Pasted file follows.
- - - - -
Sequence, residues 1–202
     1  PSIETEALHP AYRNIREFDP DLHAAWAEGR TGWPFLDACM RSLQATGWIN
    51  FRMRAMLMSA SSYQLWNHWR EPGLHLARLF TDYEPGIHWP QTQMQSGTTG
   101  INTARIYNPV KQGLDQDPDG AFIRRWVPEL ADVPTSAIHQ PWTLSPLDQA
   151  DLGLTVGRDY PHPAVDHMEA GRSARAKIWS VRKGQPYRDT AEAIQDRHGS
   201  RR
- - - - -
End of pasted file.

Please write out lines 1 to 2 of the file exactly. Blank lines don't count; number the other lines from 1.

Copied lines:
Sequence, residues 1–202
     1  PSIETEALHP AYRNIREFDP DLHAAWAEGR TGWPFLDACM RSLQATGWIN